Spinal intradural solitary fibrous tumor/ hemangiopericytoma with intramedullary invasion mimicking a hemangioblastoma
- Department of Neurosurgery, Graduate School of Medical and Dental Sciences, Kagoshima University, Kagoshima, Japan.
Shanta Thapa, Department of Neurosurgery, Graduate School of Medical and Dental Sciences, Kagoshima University, Kagoshima, Japan.
DOI:10.25259/SNI_655_2022Copyright: © 2022 Surgical Neurology International This is an open-access article distributed under the terms of the Creative Commons Attribution-Non Commercial-Share Alike 4.0 License, which allows others to remix, transform, and build upon the work non-commercially, as long as the author is credited and the new creations are licensed under the identical terms.
How to cite this article: Shanta Thapa, Hitoshi Yamahata, Tomohisa Okada, Masanori Yonenaga, Madan Bajagain, Ryutaro Makino, Ryosuke Hanaya. Spinal intradural solitary fibrous tumor/ hemangiopericytoma with intramedullary invasion mimicking a hemangioblastoma. 30-Sep-2022;13:443
How to cite this URL: Shanta Thapa, Hitoshi Yamahata, Tomohisa Okada, Masanori Yonenaga, Madan Bajagain, Ryutaro Makino, Ryosuke Hanaya. Spinal intradural solitary fibrous tumor/ hemangiopericytoma with intramedullary invasion mimicking a hemangioblastoma. 30-Sep-2022;13:443. Available from: https://surgicalneurologyint.com/surgicalint-articles/11907/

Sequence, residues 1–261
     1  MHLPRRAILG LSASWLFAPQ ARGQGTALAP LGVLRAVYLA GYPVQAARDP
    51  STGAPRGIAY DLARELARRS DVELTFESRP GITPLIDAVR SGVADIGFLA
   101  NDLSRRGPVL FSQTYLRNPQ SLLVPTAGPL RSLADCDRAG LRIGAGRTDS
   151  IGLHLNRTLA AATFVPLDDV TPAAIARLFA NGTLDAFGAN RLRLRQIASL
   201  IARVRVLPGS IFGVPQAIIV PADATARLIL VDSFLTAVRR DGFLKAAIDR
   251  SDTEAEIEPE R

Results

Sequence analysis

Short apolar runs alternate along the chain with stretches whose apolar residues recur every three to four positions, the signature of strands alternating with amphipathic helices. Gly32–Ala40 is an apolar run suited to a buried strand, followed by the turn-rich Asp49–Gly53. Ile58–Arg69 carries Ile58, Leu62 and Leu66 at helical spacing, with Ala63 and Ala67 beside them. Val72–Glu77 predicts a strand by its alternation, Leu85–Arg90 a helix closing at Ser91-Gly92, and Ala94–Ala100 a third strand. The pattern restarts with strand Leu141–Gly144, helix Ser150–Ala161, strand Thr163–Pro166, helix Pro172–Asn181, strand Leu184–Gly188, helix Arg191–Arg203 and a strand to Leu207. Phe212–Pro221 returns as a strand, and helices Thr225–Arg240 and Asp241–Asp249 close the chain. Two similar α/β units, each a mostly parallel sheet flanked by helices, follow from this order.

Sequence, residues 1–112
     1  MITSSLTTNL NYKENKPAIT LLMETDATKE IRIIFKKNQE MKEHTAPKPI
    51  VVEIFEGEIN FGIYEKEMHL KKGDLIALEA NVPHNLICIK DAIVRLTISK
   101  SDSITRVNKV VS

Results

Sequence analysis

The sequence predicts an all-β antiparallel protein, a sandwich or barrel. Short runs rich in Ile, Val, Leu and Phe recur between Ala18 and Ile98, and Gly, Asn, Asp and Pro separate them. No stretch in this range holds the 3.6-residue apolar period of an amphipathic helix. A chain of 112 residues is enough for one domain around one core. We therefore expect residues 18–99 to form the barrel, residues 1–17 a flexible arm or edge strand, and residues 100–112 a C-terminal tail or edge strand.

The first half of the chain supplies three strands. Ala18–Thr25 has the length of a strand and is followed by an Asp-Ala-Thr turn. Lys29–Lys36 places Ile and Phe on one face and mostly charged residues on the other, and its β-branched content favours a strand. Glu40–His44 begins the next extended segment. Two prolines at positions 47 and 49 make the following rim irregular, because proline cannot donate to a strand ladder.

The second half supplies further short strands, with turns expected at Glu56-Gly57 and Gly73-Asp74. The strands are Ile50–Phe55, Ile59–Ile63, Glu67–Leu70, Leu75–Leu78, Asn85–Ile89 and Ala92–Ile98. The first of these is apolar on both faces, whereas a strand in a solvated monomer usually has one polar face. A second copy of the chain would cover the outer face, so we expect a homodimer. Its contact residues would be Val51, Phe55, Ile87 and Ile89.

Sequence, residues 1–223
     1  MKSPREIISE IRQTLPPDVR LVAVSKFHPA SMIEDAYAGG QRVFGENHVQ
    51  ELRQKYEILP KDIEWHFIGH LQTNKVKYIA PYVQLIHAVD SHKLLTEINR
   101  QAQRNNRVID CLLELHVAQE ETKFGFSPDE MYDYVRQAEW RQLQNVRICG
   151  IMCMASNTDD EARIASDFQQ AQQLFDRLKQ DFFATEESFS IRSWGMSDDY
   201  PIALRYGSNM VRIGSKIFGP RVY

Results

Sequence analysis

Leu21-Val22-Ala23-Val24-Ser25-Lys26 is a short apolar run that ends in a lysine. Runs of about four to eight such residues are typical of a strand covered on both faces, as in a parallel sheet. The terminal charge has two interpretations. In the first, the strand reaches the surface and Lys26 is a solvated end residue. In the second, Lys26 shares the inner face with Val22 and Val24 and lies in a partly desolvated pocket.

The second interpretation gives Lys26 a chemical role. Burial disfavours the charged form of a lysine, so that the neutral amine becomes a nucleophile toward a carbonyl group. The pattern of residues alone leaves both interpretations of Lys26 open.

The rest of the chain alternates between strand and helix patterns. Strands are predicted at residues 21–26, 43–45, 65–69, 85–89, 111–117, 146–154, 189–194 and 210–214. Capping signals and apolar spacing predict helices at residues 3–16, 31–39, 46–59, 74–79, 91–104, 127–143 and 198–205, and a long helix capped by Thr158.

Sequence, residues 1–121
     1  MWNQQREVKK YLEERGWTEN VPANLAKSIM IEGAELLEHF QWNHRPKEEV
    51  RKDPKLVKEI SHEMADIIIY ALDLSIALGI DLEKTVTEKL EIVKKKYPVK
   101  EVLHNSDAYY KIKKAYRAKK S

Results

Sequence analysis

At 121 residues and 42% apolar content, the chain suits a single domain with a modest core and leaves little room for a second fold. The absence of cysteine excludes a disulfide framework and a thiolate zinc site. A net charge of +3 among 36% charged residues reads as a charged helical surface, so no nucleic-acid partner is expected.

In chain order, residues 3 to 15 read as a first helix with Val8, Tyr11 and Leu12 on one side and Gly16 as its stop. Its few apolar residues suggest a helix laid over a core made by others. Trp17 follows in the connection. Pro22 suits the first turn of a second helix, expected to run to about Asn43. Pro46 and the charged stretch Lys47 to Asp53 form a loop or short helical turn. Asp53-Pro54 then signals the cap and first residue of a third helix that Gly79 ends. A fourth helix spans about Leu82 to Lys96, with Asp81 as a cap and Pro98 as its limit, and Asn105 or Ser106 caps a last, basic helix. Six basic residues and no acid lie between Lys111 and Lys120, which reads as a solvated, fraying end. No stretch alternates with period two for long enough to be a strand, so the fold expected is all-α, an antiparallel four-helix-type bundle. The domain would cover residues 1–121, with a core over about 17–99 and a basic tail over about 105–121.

Background: Solitary fibrous tumor/hemangiopericytomas (SFT/HPCs) are rare mesenchymal tumors of nonmeningothelial origin that comprises
Case Description: A 45-year-old male presented with sleep apnea (apnea-hypopnea index was 17.1 events/hour) and dysesthesias of the right upper and lower extremities. The magnetic resonance demonstrated a heterogeneous intradural extra-axial C1 mass with syringobulbia and syringomyelia. The right vertebral angiography revealed a hypervascular mass (i.e., intense tumor staining). With the preoperative diagnosis of a spinal hemangioblastoma, the patient underwent tumor removal. However, intraoperative findings demonstrated that the ventral component of the tumor was intramedullary without a dural attachment. Further, the histological diagnosis was consistent with SFT/HPC (HPC phenotype). The postoperative course was uneventful, and the patient’s symptoms and the syrinxes spontaneously regressed.
Conclusion: A 45-year-old male presented a rare spinal intradural lesion at C1 appeared to be a spinal hemangioblastoma, but proved to be SFT/HPC (HPC phenotype) with intramedullary invasion.
Keywords: Hemangioblastoma, Hemangiopericytoma, Intramedullary invasion, Solitary fibrous tumor
Hemangiopericytoma (HPC) and solitary fibrous tumor (SFT) are rare intradural mesenchymal tumors that are difficult to differentiate from meningiomas, schwannomas, ependymomas, astrocytomas, and hemangioblastomas, and constitute < 1% of all central nervous system (CNS) tumors.[
A 45-year-old male presented with numbness in his right forearm, hand, and leg of 2 months’ duration. He was found to have sleep apnea (i.e., polysomnography [PSG] showed apnea-hypopnea index [AHI] of 17.1 events/ hour [normal range: <5/h]) and a history of hypertension, hypercholesterolemia, asthma, and a lumbar disc herniation. On examination, he had dysesthesias in the right occipital region, the right C5–C7 distributions, the medial right lower leg, and the medial sole of the foot.